Now we’re really getting to the cream of the crop. LionSteel comes up with new ideas and gradually applies them to their new models – and the Rok has most of them. For starters, it’s an integral frame like the SR-1 and its progeny – so the handle is milled from a single piece of aluminum or titanium. It has a flipper tab for deployment, which is removable if you want to two-hand it, a la the T.R.E. It has the HWAY.L deployable clip from the Thrill, IKBS caged ball bearings, the Rotoblock secondary safety mechanism, a replaceable hardened steel lockbar interface, and it seems like the only thing not included is a Bluetooth connection to your microwave. They also include an NFC (near field contact) chip in the packaging that allows you access the owner’s manual, register the warranty, and reach customer service, which is a unique bit of tech.
All Rok’s have a 3.27” drop point with a high flat grind, measuring a chunky 0.18” across at the spine, which has a false swedge that opens up towards the tip to give the blade better piercing geometry while still being stout. The standard blade steel is Bohler M390 powdered metal steel, so it’s a very high end stainless, and there’s also Chad Nichols Damascus steel optional on the titanium handled models. Those titanium scales come in either grey or bronze, although there’s a more options for the aluminum handles (black, red, and orange with either a satin finish or black PVD blade). Finally, there is the wild Rok 50th Anniversary knife, which uses a gold PVD coated Nichols Damascus blade with a twisted white Timascus integral handle. Priced at €2000 and limited to a 50-piece run, you’re not likely to see one, but it sure would be cool if you did.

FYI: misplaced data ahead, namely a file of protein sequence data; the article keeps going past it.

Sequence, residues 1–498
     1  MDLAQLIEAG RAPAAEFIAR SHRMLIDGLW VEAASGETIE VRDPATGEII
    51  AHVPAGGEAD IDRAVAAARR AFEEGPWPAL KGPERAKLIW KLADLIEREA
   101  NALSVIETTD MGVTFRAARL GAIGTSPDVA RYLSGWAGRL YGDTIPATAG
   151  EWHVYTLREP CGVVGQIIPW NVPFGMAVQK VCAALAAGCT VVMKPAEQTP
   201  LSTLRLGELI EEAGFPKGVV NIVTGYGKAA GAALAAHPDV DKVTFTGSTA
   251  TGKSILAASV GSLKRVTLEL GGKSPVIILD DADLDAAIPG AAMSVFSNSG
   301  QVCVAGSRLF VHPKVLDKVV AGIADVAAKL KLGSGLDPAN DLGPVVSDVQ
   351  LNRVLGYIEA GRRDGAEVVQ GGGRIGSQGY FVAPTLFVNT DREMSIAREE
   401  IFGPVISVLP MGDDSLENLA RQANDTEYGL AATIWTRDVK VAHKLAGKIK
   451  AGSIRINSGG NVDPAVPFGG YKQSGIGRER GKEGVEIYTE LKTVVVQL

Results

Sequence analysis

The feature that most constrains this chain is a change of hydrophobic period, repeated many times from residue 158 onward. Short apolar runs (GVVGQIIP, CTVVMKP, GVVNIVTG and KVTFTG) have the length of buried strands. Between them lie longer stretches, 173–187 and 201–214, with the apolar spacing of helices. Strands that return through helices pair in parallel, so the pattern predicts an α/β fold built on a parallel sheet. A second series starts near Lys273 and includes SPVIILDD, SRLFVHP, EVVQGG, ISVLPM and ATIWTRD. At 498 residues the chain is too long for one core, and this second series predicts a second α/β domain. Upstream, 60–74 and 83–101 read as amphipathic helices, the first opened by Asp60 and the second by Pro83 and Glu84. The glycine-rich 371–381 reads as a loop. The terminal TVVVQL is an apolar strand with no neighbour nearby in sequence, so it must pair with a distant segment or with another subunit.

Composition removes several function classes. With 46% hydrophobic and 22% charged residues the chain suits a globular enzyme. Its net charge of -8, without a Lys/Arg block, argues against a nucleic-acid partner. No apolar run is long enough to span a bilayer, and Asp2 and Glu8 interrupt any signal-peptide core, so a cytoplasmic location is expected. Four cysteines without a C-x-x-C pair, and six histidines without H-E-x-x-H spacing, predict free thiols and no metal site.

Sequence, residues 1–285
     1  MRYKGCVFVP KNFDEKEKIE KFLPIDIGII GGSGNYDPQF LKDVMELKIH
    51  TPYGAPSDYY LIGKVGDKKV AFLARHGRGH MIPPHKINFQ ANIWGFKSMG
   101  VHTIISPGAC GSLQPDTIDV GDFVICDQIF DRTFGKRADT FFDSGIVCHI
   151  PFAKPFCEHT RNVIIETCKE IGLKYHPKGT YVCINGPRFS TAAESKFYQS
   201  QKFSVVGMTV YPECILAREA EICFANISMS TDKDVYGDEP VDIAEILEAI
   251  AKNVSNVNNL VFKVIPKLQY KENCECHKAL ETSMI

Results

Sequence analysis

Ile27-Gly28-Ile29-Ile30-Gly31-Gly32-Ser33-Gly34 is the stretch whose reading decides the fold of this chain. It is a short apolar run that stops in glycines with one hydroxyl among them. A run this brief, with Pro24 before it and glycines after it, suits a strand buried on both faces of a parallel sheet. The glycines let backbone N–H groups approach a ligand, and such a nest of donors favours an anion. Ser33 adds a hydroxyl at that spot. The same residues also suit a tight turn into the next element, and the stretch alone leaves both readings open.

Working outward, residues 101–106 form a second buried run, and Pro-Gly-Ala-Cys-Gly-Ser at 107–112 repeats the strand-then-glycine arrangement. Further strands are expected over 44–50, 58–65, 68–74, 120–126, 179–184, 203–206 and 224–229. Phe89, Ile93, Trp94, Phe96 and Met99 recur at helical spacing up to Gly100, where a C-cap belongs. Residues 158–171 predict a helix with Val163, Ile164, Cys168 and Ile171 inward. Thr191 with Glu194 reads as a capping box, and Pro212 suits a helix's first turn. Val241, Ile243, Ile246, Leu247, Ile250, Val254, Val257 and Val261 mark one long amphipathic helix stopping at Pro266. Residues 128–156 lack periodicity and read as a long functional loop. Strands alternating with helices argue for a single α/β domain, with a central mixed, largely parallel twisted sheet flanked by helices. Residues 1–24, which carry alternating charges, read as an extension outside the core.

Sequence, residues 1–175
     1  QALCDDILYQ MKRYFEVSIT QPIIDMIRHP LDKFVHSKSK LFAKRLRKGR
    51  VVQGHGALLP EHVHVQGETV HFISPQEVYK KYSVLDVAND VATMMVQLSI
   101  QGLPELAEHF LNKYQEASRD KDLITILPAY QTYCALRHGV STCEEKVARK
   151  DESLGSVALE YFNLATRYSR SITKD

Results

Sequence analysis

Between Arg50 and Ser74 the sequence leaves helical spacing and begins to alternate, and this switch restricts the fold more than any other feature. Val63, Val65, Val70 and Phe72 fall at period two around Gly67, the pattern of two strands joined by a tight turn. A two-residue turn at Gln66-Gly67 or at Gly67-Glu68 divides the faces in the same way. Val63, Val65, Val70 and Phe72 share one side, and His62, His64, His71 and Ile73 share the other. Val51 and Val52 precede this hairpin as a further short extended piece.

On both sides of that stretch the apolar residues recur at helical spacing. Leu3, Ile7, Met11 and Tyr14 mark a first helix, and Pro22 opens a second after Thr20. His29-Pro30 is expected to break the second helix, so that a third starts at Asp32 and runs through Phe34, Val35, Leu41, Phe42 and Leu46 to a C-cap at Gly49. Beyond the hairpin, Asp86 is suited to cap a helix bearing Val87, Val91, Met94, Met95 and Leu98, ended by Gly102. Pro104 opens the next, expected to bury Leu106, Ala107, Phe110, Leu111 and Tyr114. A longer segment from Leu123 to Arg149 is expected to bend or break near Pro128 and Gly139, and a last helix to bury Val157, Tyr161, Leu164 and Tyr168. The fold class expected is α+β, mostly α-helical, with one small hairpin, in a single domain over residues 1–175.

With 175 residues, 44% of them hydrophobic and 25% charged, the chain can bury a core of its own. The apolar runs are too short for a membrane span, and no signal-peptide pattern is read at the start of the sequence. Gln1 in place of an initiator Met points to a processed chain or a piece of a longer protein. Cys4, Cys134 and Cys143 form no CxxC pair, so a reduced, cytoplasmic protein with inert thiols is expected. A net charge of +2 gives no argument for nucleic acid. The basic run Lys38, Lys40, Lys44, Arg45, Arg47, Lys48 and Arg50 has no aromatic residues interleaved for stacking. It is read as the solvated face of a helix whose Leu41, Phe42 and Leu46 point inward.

The Kur made a stir at Blade Show in 2016 when LionSteel displayed the Metamorphosis, which had temperature-sensitive aluminum handles that changed colors (from black to a camouflage pattern) while you held them. Which is pretty wild, unfortunately they don’t make the color-shifting variant any more – but there are still a lot of versions of the Kur depending on your needs. All versions use a 3.43” drop point blade with a full flat grind, from the same Sleipner steel used in the SR-22, with a tough, reliable edge. The spine measures out at a beefy 0.18”, and is rounded so it’s smooth to the touch. The Kur uses stainless liners and a bent steel pocket clip – more of a working tool and less of an art exhibit, but still quite a thing to look at: especially the way those machined scales wrap around the body screws, all the intricate milling details, the rounded backspacer/lanyard hole, the raised thumb ramp.
You can pick between G10 scales – in black, green, orange, and brown – or wood, with Olive and Santos wood paired with a black PVD or satin finished blade. A stainless liner lock secures the blade, and there’s a deep carry steel wire clip configured for tip-up right-hand carry. For a knife that stretches out 8.27” long when open with that beefy blade, the 5.6 ounce weight seems reasonable. The Kur could be a good EDC option for someone who likes a reasonable mid-sized folder. Hopefully, the Metamorphosis model makes a comeback in the future.
Not all of LionSteel’s offerings are knives – they’ve recently come out with a really attractive pen, as well. The Nyala uses a lot of the same space-age materials and fine machining that LionSteel’s knives are known for, it just writes instead of slices. The body is machined from 6AL4V titanium, while an outer sleeve insert is either carbon fiber or twisted damascus, and you can choose from shiny or matte blue, bronze, and grey. All of the Nyala pens are twist-to-open and use a Fisher Space Pen pressurized insert that will write in any direction.